IRS erased key records in lawsuit, NetJets says

Steve Wartenberg, The Columbus Dispatch
NetJets has been in a dispute with the IRS since 2011.

October 1, 2014

In the midst of a lawsuit with the federal government over tax payments, NetJets claims that the Internal Revenue Service destroyed documents important to the case.

The Columbus-based private-jet company, in a motion filed with U.S. District Judge Edmund A. Sargus Jr., said the IRS "wiped clean a number of computer hard drives containing emails and other electronic documents that the Government was required to produce."

These records supported several NetJets arguments, according to the filing, and the attorneys for the company asked the judge to dismiss the IRS' recent request for a summary judgment in its favor.

NetJets initially sued the Internal Revenue Service for $642.7 million in November 2011, claiming the government improperly applied a ticket tax on users of its aircraft that is meant for commercial airline passengers.

The federal government countersued NetJets on March 8 for $366.3 million, stating that the company "has failed, neglected or refused to pay its federal tax liabilities ... in full."

NetJets petitioned the court for a summary judgment in its favor earlier this year.

The IRS followed with a similar request for a summary judgment in August, stating that NetJets was liable for the user tax because its operations are not "exempt from the excise tax imposed on amounts paid for transportation of persons by air."

Congress amended the tax code in 2012, clarifying that the ticket tax does not apply to operators such as NetJets, whose customers buy fractional ownership in planes operated and maintained by NetJets.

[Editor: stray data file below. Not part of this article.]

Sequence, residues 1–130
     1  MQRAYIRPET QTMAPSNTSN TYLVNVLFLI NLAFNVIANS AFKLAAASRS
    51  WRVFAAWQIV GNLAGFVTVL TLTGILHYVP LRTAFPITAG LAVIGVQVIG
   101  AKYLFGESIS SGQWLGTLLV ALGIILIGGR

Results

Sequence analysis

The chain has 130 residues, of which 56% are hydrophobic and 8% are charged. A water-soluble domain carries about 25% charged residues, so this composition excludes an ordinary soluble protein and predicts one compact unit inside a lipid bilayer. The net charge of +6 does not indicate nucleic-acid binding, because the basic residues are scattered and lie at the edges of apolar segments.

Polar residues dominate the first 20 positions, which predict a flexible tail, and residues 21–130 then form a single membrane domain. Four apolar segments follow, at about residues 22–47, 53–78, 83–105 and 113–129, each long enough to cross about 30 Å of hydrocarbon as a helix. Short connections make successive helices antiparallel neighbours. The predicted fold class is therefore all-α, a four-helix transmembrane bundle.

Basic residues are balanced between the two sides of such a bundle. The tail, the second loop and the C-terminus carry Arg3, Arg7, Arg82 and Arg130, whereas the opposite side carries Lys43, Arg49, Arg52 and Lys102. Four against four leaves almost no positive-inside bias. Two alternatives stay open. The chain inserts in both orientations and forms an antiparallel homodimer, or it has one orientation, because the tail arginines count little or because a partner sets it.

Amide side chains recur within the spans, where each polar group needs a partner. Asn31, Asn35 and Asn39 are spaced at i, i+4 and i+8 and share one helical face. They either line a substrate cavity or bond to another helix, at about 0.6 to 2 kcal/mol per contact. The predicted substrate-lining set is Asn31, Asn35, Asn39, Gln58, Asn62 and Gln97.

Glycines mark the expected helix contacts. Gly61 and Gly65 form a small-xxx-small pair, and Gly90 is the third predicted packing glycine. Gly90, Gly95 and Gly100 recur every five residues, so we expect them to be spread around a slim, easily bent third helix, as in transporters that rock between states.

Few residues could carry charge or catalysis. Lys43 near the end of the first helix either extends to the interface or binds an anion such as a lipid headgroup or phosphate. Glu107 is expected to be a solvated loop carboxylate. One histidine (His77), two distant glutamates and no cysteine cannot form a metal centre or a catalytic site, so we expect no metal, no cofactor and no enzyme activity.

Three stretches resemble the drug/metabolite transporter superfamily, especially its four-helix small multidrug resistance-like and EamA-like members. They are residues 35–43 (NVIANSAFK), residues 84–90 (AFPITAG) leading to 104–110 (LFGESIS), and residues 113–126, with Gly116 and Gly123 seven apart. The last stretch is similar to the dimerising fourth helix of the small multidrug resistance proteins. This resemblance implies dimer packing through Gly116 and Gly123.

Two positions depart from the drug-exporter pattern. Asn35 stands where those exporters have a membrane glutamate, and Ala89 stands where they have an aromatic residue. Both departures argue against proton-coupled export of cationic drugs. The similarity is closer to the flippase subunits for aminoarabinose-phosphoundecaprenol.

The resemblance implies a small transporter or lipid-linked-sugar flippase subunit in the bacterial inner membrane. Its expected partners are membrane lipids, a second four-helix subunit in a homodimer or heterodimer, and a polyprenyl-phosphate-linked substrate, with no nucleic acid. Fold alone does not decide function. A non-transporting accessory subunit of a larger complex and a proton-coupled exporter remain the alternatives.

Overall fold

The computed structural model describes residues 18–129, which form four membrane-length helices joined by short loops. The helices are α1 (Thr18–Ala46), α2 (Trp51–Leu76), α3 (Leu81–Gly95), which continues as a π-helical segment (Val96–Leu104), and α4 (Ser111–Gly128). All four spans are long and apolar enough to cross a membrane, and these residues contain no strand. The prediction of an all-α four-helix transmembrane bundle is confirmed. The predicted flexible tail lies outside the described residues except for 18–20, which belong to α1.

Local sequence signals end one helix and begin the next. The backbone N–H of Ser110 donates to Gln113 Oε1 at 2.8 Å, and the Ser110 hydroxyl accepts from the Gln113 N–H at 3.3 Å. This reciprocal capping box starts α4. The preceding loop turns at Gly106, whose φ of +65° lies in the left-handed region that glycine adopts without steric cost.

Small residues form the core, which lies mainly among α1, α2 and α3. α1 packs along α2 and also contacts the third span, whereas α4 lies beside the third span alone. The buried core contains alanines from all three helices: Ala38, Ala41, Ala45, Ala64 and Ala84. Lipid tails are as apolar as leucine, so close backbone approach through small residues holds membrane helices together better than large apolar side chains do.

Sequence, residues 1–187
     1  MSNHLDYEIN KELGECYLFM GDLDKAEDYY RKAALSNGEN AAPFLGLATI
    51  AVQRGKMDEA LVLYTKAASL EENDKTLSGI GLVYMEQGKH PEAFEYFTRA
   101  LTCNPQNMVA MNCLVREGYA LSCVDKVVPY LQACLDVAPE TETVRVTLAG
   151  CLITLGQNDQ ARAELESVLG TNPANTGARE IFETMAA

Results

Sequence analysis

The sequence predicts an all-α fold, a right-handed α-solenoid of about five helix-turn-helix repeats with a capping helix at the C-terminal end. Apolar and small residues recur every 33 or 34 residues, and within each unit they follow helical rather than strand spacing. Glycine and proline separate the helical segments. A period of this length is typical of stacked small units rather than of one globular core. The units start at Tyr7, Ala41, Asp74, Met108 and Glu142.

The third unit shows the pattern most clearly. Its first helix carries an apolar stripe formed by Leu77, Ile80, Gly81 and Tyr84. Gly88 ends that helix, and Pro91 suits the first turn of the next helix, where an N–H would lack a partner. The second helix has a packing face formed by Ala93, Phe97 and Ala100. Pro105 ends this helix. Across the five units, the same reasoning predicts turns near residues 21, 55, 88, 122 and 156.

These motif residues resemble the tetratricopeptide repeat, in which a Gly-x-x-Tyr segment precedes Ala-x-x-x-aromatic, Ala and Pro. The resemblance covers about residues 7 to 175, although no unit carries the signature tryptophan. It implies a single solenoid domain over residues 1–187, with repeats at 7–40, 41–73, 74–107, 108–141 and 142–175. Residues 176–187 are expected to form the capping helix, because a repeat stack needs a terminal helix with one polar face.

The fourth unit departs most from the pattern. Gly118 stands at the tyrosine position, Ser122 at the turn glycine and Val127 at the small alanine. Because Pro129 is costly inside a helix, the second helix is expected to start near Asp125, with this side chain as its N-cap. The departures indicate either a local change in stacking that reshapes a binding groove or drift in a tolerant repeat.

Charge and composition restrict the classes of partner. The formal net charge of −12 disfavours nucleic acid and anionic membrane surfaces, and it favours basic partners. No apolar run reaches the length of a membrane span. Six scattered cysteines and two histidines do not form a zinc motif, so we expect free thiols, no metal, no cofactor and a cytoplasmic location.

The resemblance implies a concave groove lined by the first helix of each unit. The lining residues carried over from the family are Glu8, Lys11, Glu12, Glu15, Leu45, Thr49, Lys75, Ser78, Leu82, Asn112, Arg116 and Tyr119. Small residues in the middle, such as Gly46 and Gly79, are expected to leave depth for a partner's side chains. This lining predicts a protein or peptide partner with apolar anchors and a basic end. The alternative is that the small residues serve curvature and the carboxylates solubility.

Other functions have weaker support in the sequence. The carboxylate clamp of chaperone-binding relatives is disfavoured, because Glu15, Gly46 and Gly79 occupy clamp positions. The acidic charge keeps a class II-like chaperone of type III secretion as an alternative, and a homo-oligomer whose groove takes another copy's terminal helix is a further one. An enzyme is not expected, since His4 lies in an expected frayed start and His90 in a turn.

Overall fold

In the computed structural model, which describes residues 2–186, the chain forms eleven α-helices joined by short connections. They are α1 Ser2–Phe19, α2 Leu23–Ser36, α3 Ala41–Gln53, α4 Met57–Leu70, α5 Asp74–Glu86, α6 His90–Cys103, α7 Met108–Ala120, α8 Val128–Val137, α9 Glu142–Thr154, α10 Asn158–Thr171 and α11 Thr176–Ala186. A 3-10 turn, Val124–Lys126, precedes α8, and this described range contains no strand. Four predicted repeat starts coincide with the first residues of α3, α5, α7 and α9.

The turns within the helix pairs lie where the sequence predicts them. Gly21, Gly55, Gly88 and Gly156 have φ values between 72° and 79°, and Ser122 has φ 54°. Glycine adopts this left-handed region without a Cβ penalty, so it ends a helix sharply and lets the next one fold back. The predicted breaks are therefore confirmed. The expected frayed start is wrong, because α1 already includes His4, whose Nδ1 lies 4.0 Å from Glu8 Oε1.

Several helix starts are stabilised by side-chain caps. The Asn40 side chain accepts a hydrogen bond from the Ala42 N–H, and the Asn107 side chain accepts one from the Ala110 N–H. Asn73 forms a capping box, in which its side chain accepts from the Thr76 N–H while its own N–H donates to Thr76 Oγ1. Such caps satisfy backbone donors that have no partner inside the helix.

The NetJets lawsuit covers 2003 to 2009 and has two parts.

The company believes it is due a $218 million refund from the government for taxes it has paid on the hourly fees that its fractional owners paid it. NetJets also seeks an abatement of more than $330 million for an additional tax the government levied on the monthly management fees and fuel costs NetJets charges its customers.

"We can't comment and will respond to the motion," said Nicole Navas, spokeswoman for the Justice Department's Tax Division.

NetJets is represented by Columbus lawyers John Zeiger and Bradley Ferrell, who also declined to comment.

In its most recent court filing, NetJets said the computers of three key IRS employees were wiped clean, including the computer of "an excise-tax policy manager and a key decision maker regarding the application of the section 4261 ticket tax to whole and fractional aircraft-management companies."

The lawsuit filed by NetJets stated that "an owner transports himself when he flies on his own aircraft, even if he pays others to assist him in maintaining and operating the aircraft," and that the ticket tax and taxes on monthly fees and fuel costs are not applicable.